The future of identity: Digital marketing trends that go beyond 2020
By Alex Mcllvenny, country manager UK at zeotap
Evolution is the only constant in the future of digital marketing. Over a year ago, the highest priority was being GDPR-compliant and now the subtle echoes of data privacy and security can only be heard in the distance with the pending California Consumer Privacy Act (CCPA). But now, identity resolution is center stage and will dominate upcoming conversations.
The increasing volume of data generated from 5G-powered connected Internet of Things (IoT) devices, coupled with the privacy-first policies — aka ‘the death of cookies’ — is making identity resolution a growing challenge. It has become more important than ever for brands to have the superior customer intelligence to survive in an increasingly competitive advertising landscape, where personalization is the cornerstone of everything.
Although a holistic marketing strategy that employs identity resolution can be tricky to navigate, here are five trends that will reach far beyond 2020 and set the precedent for next-gen brands.
Heightened customer experience through identity-related personalization
Salesforce observed that 80 percent of customers value the brand experience as much as the products themselves. While McKinsey reports that personalization can reduce acquisition costs by as much as 50 percent, lift revenues by 5 to 15 percent and increase marketing spend efficiency by 10 to 30 percent. Heightened customer experience, via personalization, directly translates into more return on investment, which is why brands will keep focusing on increasing their personalization efforts. Identity will play a major role in defining which personalization strategy has to be implemented for each customer cluster.
First-party data identities
Even if brands have invested in having first-party data, locally stored in CRMs and DMPs/CDPs, fragmented customer identities that are populated by poor-quality or sparse data result in a lack of customer understanding. For example, a brand making use of their customers’ purchase CRM data might not have the full picture of their customers, but rather a partial one. Decisions taken off the basis of this partial data could lead to losses. Instead, brands can proactively start by digitizing their CRMs — since these are the systems that are identity-rich — enabling brands to consistently reach out to their target audience with consistent messaging across channels, build accurate lookalikes based on the characteristics of their most loyal customers and apply negative targeting to current customers to make sure they don’t see irrelevant ads.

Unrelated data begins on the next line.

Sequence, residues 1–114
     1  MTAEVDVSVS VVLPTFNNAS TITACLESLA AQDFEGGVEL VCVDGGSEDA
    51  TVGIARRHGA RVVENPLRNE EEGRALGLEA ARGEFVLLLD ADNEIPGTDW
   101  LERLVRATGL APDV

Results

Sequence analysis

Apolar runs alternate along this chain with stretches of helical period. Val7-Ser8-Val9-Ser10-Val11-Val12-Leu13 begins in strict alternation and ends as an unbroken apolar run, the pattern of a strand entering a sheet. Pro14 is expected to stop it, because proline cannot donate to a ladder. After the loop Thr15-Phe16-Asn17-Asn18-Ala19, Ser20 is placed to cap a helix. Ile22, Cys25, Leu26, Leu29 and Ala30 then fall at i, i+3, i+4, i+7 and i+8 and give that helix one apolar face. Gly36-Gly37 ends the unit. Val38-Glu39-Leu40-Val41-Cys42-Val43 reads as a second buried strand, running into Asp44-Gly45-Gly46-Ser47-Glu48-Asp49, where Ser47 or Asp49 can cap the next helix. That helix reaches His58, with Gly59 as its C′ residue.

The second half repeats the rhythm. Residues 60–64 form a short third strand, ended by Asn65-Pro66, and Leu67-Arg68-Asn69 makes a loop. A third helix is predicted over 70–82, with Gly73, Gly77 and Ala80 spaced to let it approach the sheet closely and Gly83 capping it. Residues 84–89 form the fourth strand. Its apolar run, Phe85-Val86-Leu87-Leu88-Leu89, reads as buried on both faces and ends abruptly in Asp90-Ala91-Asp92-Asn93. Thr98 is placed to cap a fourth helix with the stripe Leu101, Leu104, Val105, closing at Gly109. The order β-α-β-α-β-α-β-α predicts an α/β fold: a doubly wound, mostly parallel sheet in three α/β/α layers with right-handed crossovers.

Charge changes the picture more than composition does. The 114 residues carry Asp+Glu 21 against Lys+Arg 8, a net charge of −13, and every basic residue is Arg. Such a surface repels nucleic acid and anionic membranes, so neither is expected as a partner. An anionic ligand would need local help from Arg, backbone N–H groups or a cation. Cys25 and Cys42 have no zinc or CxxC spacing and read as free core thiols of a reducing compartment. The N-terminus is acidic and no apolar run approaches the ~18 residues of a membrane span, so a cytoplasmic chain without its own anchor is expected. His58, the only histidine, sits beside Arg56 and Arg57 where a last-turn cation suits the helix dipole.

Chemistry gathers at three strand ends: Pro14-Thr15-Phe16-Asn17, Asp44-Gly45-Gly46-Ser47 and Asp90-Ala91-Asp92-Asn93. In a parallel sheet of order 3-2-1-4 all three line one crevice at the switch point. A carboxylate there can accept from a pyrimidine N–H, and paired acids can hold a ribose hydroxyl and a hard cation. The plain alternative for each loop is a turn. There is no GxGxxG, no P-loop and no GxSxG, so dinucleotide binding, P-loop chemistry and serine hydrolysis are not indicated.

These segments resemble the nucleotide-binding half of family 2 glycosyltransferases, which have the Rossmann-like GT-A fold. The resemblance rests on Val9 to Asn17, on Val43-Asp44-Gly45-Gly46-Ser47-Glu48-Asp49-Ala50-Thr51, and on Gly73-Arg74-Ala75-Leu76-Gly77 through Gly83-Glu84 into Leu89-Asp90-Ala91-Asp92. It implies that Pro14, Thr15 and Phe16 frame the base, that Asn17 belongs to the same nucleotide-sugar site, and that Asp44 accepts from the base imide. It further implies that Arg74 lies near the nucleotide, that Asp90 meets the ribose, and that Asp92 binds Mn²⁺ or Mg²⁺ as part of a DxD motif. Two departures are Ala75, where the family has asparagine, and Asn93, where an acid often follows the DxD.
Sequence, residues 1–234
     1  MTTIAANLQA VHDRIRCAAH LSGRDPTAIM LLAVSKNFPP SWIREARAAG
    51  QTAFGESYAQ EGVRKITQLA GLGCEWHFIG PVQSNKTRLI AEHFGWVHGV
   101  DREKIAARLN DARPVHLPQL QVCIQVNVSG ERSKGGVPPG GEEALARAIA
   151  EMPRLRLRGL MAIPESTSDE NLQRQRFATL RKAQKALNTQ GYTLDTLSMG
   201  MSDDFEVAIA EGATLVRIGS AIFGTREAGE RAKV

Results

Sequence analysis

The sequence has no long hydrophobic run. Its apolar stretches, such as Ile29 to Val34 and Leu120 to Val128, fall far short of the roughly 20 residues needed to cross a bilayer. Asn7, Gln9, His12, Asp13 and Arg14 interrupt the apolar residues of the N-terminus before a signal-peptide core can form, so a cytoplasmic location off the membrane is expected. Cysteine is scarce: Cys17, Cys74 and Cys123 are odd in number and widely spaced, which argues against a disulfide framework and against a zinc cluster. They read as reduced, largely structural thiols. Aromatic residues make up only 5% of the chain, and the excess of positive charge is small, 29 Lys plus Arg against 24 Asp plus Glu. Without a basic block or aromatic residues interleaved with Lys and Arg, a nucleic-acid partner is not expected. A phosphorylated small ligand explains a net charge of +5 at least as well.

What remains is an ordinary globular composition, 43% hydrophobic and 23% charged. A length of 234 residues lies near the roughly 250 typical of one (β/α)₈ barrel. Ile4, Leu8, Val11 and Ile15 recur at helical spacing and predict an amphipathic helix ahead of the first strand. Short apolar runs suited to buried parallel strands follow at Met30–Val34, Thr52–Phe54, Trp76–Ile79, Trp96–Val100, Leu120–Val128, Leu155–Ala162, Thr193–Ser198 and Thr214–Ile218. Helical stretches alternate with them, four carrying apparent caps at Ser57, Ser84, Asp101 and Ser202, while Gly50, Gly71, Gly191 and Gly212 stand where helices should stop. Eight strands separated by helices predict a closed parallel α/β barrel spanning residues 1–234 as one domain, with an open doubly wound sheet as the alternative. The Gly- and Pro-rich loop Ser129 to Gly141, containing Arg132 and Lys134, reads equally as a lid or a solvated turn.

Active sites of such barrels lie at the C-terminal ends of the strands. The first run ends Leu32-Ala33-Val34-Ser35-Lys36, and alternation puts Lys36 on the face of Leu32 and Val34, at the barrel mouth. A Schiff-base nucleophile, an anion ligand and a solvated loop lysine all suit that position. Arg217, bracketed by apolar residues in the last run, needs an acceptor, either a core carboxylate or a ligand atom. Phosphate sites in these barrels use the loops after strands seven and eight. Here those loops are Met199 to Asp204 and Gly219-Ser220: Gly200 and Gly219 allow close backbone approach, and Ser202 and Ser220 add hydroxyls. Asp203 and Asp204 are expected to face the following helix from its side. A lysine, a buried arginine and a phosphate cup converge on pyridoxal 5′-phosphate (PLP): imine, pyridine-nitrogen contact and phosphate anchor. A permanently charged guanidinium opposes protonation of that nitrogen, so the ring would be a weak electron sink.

The effects of 5G and IoT on identity
The capabilities of 5G will not only produce hoards of data but allow us to track micro-moments throughout the buying journey. With these added capabilities, the chances of duplicate data, and the number of devices it is dispersed across increases, making it harder for brands to track and action the data. It is in the brand’s best interests to combine several technologies so fragmented data sets can be unified to form full customer views. Without the full customer view, data is not insightful and a robust marketing strategy cannot be formed.
Realizing identity without the cookie in a mobile-first world
Cookies have allowed marketers to track individuals online, measure programmatic flows, better target users and analyze campaign delivery. But new restrictions, such as Safari’s block on third-party cookies, are forcing marketers to scout out new opportunities to survive in a cookie-less world. Jim Daily, Teads global president at this year’s Programmatic I/O event earlier this month outlined how this has resulted in a 30 percent decrease in European cookies alone. For brands, persuading users to opt-in to cookie experiences or to alternatively subscribe for an incentive, like premium content or special web domain features, allows them to tie disparate user identities to mobile ad IDs, emails, phone numbers, and other online identifiers. These alternate online identifiers are becoming the de facto choice to replace the cookie in a mobile-first world since they track devices not browsers, work in-app and are much more reliable and long-lasting.
Digital transformation through identity resolution
Finally, identity resolution allows brands to act on more than just their marketing strategies. Brands who have a deep understanding of their customers —which devices they own, what they like, where they like to shop and what they intend to buy — can start to make strategic business decisions that transcend digital marketing. Real customer insights shed light on customer wants and needs which can be used to shape upcoming product features, roadmaps and ultimately, iterate business models.
Identity resolution allows brands to not only cater better to their existing customers in the wake of GDPR/CCPA, 5G, and IoT, but it also allows brands to better acquire new customers, up and cross-sell to existing ones and increase retention, leading to next-gen brands that have the ultimate competitive edge.